In early January, I published a piece about raising a son while trying to avoid gender stereotypes. The piece stirred up much debate and discussion. Some readers questioned the science behind the piece and why I had decided to refer to neuroscientists who question just how important the differences between male and female brains are.

I discussed my state of mind with Rob, our founding editor, who shared this graph with me.

The original graph was made by researcher Simon Wardley.

Though this graph is a joke, it’s a good reminder of how we as journalists can lose sight of where we are on our learning curve. 

Right now, I’m far from being an expert. But let’s be honest: I’m a reporter, not a neuroscientist, and I’m not pursuing a PhD in this specific topic. So, what can I actually add to the current debate?

I could write about the two sides of the coin, but that has been done very well by many journalists before. This Hidden Brain podcast is a great example.

I can also point you to the books I’ve been reading. 

On one side we have Gina Rippon’s The Gendered Brain, Lise Eliot’s Pink and Blue Brains and Daphna Joel’s Gender Mosaic – among others. This handy article points out some of the most controversial issues. 

On the other side are those who study sex differences. They say that highlighting differences between male and female brains is important because, if studies don’t take women into account, then women will be left out when it comes to medicine. The January/February 2017 issue of the Journal of Neuroscience Research has some 70 articles dedicated to this, and the preface is accessible.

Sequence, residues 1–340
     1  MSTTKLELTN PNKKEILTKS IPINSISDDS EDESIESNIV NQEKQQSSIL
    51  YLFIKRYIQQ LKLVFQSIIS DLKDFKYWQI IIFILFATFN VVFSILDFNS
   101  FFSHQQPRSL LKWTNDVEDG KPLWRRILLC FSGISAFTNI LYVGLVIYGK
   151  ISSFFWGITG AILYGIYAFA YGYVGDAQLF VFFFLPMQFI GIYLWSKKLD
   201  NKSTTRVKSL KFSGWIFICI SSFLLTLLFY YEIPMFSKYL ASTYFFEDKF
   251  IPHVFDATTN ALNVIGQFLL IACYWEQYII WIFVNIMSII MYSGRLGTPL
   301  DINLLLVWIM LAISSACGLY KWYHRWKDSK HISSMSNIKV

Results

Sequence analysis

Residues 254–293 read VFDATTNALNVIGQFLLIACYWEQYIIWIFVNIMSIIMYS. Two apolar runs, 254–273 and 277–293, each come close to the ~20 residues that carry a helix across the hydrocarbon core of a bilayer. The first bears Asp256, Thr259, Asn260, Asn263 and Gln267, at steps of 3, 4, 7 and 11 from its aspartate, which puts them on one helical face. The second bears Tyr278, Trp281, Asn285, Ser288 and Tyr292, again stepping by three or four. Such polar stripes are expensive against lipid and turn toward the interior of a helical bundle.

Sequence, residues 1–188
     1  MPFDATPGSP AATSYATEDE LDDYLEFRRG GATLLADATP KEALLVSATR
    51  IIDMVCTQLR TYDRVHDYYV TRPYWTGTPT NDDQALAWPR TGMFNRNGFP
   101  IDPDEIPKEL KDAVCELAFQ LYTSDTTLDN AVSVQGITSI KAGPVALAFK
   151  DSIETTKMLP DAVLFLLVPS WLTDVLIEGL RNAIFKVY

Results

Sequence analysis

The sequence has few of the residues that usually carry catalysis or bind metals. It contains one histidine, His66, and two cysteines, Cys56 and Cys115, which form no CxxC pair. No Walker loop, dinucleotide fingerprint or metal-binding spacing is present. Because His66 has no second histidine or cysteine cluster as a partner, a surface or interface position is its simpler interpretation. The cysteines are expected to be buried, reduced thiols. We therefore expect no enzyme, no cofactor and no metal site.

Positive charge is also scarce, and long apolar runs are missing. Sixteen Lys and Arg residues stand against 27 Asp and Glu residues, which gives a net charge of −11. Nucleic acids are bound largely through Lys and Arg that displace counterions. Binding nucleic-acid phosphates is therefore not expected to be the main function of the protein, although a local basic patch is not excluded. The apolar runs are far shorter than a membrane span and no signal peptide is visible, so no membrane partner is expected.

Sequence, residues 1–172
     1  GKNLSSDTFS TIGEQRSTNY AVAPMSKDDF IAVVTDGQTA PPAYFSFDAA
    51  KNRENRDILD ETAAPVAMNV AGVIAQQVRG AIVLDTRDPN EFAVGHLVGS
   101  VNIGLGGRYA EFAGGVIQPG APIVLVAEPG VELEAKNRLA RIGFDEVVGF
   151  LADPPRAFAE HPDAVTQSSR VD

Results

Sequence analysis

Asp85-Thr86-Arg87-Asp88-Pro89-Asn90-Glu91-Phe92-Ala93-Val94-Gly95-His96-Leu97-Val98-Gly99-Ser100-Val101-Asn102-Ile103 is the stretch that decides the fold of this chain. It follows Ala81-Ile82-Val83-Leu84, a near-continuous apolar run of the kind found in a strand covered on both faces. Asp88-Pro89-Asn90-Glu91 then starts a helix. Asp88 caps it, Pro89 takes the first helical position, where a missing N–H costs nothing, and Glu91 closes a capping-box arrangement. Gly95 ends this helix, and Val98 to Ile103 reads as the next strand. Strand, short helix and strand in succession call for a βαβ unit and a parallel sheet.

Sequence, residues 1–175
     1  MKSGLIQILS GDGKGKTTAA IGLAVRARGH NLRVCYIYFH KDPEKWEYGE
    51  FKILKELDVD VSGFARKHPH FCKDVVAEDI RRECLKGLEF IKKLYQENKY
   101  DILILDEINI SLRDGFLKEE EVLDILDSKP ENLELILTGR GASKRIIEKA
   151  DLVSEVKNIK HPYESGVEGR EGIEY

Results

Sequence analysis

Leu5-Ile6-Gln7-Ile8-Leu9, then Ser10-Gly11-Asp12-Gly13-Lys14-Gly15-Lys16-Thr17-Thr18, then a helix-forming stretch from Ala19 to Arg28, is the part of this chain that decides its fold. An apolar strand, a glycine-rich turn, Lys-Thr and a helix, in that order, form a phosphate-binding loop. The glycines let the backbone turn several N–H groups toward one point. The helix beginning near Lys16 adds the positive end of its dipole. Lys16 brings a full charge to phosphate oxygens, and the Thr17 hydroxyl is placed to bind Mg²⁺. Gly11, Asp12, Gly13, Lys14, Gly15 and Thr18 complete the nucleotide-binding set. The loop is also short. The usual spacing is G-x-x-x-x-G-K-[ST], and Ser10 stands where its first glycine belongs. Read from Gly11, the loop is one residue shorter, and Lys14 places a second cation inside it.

There is also Kevin Mitchell, associate professor of genetics and neuroscience at Trinity College Dublin, who believes that we are born with innate elements. He wrote an interesting article about this, and I’m making my way through his book Innate.

Overall, however, I don’t think I can add much more to the debate. That’s why I’ve decided to kill my story and share these three insights instead:

1. There is a huge spectrum of disagreement between the two camps of scientists working on this issue.

2. The area is a minefield: talking about how our sex at birth affects us is not a neutral topic. Identity, politics and gender come into it and affect the tone of scientific papers too.

3. Honesty is necessary for me to write the kind of journalism we want to do at The Correspondent. I spoke to many experts for the piece I’m killing. I feel guilty about having used up their precious time, but I think it’s necessary to know where to set your limits.

I will keep reading about this issue and point out books and podcasts that I come across. And please feel free to share your insights with me.

Levelling the playing field

Credit: Sol Undurraga / Radio Ambulante

If you speak Spanish, this is a podcast I am proud of. I worked on it for a long time with my colleague Claudia Jardim, and it has just come out on Radio Ambulante.

It tells the story of a Brazilian girl, Laura Pigatin. When she was five years old, she was the only girl in her class to decide to play football and not take ballet classes. Years later, she is still going strong, despite all the challenges she had to face. Even though Brazil is a football-crazy country, only 40 years ago, women were banned from playing it and there are still many who believe that football is only for men.

If you don’t speak Spanish, you can also find the transcript translated into English.

Until next time,


This article first appeared in The Correspondent, the member-funded platform that shut down on 1 January 2021.

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